"Employee of the Month" is about a guy whose day spirals from bad to worse when he gets fired from his dream job at the bank and is dumped by his fiancée Sara. David's best friend Jack ... See full summary »
There are times when it's right and proper to simply bury the dead. This is not one of those times... Gram Parsons was one of the most influential musicians of his time; a bitter, brilliant... See full summary »
Two escaped convicts arrive in the town of Happy, Texas, where they are mistaken for a gay couple who is to host the town's Little Miss Fresh Squeezed beauty pageant. Enjoying the celebrity... See full summary »
William H. Macy
"Employee of the Month" is about a guy whose day spirals from bad to worse when he gets fired from his dream job at the bank and is dumped by his fiancée Sara. David's best friend Jack tries to convince him it's for the best, but the opposite occurs when bank robberies and millions of dollars become part of his day from hell. Written by
The "founding grandfather" depicted in the giant oil painting in the bank president's office (that David Walsh comments on and, later, urinates on) is Del Close, a beloved Second City theater icon who died in 1999. Close is also thanked in the credits. See more »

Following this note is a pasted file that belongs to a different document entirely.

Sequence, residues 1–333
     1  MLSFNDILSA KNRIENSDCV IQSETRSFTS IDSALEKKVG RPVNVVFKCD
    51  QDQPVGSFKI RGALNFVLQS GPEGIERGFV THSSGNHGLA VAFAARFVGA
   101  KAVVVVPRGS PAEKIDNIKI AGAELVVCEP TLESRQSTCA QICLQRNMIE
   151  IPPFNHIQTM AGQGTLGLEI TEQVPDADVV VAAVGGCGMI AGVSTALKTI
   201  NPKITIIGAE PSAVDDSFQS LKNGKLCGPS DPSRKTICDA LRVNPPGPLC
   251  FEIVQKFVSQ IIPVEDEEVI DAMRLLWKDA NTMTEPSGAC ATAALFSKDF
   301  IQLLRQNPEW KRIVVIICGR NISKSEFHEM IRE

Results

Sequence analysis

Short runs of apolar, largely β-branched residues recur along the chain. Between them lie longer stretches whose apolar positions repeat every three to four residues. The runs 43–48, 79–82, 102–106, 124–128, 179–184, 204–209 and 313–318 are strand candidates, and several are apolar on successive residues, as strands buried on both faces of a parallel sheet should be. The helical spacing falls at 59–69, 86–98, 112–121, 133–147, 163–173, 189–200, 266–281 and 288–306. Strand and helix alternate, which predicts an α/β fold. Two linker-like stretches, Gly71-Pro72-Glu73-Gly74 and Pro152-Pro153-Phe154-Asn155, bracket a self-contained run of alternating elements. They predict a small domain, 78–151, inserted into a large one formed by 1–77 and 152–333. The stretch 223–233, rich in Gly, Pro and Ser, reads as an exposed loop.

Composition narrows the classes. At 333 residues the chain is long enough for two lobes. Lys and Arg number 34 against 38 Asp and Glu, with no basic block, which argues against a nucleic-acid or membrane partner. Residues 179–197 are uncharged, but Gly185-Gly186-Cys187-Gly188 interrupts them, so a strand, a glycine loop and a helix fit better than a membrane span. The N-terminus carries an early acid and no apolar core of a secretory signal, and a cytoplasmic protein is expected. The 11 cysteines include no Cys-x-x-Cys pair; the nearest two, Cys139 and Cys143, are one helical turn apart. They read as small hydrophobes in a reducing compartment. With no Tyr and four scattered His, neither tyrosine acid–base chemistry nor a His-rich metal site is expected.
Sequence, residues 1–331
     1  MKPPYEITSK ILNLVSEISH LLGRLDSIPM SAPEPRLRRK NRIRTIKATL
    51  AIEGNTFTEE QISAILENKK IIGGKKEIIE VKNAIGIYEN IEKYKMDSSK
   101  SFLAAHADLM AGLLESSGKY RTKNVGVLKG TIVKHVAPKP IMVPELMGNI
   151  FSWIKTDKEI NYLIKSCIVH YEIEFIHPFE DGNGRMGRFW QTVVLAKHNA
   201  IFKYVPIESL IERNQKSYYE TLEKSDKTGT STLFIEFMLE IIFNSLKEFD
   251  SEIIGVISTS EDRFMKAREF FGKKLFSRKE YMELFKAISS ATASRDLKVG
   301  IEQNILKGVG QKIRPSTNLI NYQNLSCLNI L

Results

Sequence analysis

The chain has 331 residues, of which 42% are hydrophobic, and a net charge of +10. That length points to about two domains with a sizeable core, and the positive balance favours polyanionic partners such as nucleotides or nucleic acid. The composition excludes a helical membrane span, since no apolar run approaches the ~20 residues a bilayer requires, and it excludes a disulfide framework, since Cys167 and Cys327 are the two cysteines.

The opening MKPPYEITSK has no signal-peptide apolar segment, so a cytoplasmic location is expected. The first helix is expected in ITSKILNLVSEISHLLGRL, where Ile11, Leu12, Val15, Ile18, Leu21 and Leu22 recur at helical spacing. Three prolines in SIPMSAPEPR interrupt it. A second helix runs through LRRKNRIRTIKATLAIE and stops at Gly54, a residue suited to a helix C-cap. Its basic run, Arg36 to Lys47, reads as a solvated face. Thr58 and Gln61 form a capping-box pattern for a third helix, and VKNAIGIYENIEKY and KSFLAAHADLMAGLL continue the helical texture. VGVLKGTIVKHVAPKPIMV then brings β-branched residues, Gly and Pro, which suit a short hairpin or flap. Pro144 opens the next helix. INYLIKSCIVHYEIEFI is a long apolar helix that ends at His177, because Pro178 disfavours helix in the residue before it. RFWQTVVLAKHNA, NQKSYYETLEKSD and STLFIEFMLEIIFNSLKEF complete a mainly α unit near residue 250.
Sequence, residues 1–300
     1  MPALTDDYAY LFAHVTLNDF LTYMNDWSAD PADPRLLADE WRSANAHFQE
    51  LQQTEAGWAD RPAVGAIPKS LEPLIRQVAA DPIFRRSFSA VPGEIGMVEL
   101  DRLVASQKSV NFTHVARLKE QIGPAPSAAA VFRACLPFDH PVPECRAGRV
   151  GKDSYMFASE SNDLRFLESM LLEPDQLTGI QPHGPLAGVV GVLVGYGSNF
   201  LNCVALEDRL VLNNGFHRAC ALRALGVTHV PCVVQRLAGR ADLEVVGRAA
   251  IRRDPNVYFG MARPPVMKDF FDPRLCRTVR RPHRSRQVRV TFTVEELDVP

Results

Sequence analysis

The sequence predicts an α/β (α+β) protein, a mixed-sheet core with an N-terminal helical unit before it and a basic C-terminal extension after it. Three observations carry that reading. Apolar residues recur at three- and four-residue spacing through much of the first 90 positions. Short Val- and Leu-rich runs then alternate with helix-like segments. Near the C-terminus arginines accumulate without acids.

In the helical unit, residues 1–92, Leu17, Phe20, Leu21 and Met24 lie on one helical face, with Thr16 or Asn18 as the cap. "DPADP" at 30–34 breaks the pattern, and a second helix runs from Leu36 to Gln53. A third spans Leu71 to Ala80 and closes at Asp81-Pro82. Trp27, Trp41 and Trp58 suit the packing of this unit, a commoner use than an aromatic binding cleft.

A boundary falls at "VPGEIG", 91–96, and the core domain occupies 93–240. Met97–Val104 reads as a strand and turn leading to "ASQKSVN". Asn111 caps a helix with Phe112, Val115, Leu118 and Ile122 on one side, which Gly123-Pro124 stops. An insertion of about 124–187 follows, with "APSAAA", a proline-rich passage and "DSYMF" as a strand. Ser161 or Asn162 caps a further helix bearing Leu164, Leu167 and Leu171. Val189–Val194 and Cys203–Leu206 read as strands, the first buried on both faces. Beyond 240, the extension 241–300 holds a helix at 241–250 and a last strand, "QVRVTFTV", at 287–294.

After Matt Dillon gets done peeing on the bank manager's picture, it is dry again a few moments later. See more »
[in the sauna]
You ever watch figure skating, man?
Please don't talk. I've got a lot on my mind.
I'm not into the sushi, but Michelle Kwan...
What are you doing? Can we just sit here and not talk? Can we do that? Let's just try and do that.
...I'd suck sake out of her ass in front of my grandmother.
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Scenes explaining various plot gaps are shown as credits roll. See more »
I wasn't expecting too much with this one, but was pleasantly surprised and thoroughly enjoyed it. Great to see a movie go in a direction that is not expected, and if anyone tells you this movie is predictable, they are more than likely lying. Matt Dillon has turned into a solid actor these days, without being the marquee attraction of some lesser actors.
Applegate and Zahn also add some weight to the movie, and a must see confrontation with the boss is a highlight (who wouldn't want to do that). Highly recommended, if not at the cinema it will make a great Sunday night in on DVD!
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